Benefits for identity owners

  • Anonymity and privacy
    Full control and ownership of personal data using zero-knowledge proof DIDs (credentials) eliminating data misuse and strengthening security.
  • Enhanced user-experience 
    According to research by NordPass an average person has 70-80 passwords to remember.  A self-sovereign digital ID has the possibility to eliminate passwords and improve user experiences via personal data management platforms. There’s an ability for identity owners to manage all relationships in a single platform.
  • A recognised digital ID
    Using decentralised credentials and verifiers, there’s possibilities to create recognised digital IDs globally. 

Benefits for organisations

  • Reducing online fraud and cybercrime
    Ability to reduce online fraud and cybercrime with decentralised technology using zero-knowledge proof DIDs (decentralised identifiers).
  • Enhancement of regulatory compliance
    Regulators don’t have to figure out whether or not an application falls under the right jurisdiction. Self-sovereign identity systems have the ability to provide developers with built-in compliance while improving existing tools such as authentication and on-boarding.
  • Reducing possibilities of data breaches
    With self-sovereign identity an individual becomes the only entity that can authorise access to certain information, and that this data is no longer scattered around the digital landscape. This reduces the underlying reason for most data breaches that happen within organisations. 

Challenges of self-sovereign identity

Early adoption
The industry standards and governance around the world for digital identity definitions and implementations are still evolving merely driven by the World Wide Web Consortium (W3C). Although the future and vision is clear in many countries, regulations around self-sovereign identity are still in early adoption. 

Reliance on trusted authorities
There is still reliance on trusted authorities to validate and issue verified credentials such as financial institutions, government authorities and other trusting organisations. Users are still required to obtain verified credentials from trusted authorities and store it in a secure wallet on their device before they can transact with the digital world.

The scale challenge
Online identity systems are based on many business relationships and technical integrations to root trust authorities. Partnerships are therefore key.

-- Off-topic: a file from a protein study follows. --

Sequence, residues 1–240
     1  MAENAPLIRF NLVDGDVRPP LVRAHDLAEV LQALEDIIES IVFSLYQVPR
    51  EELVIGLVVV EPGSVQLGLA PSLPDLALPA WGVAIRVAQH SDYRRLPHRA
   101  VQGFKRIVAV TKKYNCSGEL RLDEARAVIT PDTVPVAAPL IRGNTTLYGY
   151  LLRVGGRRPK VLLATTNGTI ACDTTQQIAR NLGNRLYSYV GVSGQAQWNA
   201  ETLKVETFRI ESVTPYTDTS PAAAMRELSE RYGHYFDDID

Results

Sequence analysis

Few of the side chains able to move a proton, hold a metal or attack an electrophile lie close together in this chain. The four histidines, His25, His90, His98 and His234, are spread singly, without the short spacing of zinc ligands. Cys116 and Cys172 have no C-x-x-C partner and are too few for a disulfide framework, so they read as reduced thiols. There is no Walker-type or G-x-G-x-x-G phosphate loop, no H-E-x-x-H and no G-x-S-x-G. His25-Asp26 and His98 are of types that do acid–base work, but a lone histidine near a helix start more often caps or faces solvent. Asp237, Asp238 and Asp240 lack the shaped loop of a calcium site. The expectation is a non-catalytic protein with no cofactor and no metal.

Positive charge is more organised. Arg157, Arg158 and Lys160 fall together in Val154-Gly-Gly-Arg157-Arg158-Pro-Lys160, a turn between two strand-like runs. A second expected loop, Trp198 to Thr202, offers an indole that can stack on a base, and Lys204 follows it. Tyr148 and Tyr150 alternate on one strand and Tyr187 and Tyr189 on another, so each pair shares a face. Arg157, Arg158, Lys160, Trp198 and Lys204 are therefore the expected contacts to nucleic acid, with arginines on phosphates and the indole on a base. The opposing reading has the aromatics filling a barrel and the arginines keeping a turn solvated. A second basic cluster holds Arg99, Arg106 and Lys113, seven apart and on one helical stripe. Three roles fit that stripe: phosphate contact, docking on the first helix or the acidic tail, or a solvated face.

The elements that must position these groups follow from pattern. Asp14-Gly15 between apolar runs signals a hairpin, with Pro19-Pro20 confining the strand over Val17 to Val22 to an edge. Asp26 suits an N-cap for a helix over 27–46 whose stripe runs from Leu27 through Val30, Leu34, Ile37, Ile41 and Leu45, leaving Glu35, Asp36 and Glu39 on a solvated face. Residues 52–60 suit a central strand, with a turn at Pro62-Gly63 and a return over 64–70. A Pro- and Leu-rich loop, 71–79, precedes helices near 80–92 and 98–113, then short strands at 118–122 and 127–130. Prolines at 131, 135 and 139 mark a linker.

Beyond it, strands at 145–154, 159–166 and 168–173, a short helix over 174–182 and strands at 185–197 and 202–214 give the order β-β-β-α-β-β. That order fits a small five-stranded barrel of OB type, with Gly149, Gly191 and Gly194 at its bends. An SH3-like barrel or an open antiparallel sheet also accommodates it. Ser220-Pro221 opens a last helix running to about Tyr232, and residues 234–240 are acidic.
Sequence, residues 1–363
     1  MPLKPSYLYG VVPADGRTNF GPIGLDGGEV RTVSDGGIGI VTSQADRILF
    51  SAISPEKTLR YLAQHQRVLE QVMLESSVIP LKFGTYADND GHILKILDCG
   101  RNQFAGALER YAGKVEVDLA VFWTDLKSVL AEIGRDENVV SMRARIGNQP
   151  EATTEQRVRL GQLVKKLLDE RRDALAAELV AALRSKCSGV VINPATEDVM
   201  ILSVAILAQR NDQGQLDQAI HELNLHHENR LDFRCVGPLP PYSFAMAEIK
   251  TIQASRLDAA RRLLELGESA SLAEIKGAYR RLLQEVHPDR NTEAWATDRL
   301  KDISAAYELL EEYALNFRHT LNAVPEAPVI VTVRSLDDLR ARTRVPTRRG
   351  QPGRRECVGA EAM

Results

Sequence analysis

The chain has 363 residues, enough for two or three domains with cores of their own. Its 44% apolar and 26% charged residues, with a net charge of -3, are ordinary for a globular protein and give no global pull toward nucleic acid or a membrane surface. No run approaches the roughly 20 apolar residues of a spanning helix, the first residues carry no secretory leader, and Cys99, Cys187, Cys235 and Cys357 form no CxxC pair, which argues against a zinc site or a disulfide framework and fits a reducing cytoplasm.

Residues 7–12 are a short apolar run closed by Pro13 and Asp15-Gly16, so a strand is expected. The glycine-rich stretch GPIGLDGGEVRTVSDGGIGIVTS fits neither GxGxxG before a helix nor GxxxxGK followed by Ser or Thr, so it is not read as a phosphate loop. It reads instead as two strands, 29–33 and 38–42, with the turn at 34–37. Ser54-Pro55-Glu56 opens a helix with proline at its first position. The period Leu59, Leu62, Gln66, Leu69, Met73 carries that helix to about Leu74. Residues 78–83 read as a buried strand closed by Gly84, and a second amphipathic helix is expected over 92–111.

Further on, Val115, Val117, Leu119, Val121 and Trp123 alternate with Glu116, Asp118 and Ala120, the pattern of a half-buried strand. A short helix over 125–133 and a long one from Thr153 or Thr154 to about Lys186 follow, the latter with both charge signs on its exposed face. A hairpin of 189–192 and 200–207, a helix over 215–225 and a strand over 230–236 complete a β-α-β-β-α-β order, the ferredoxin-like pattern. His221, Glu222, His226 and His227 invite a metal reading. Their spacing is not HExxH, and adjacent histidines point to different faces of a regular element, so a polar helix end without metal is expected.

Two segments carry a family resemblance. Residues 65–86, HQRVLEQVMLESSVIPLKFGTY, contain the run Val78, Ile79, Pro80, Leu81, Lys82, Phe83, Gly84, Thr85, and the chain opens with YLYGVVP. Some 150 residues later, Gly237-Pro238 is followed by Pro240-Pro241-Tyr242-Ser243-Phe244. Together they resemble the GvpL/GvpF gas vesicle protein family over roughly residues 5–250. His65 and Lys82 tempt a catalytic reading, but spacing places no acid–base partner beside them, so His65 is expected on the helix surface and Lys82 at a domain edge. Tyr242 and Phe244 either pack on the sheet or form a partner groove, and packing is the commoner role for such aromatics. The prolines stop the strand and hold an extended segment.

iDentifymi are continuously looking for trusted key partners to issue credentials as well as verify credentials. Get in touch today to find out more

How blockchain can solve the identity dilemma

In an article from ComputerWorld on “How blockchain makes self-sovereign identities possible” Phillip Windley covers four key features that an identity system must have: 

  1. Persistent
    Identifiers in a self-sovereign identity system are long-lived, non-reusable and owned by the person who creates them. People as well as organisations need them.
  2. Peer-based
    People are in control of the relationships they form and the information they share. It is a peer-to-peer based approach instead of client-server based.
  3. Privacy protecting
    The identity owner becomes in control of personal data and how and with whom it is shared.
  4. Portable
    Identifiers and associated credentials must be portable and self-sovereign identity systems must be interoperable to protect choice and control.


Self-sovereign identity is up and coming. Although it’s still an emerging industry with challenges, the potentials are limitless. Anonymity and privacy, reduced online fraud and cybercrime as well as the possibility to have a globally recognised digital ID are only some of the key benefits.

If you are looking for partnership opportunities or would like to further understand how iDentifymi is tackling the problems of self-sovereign identity get in touch today.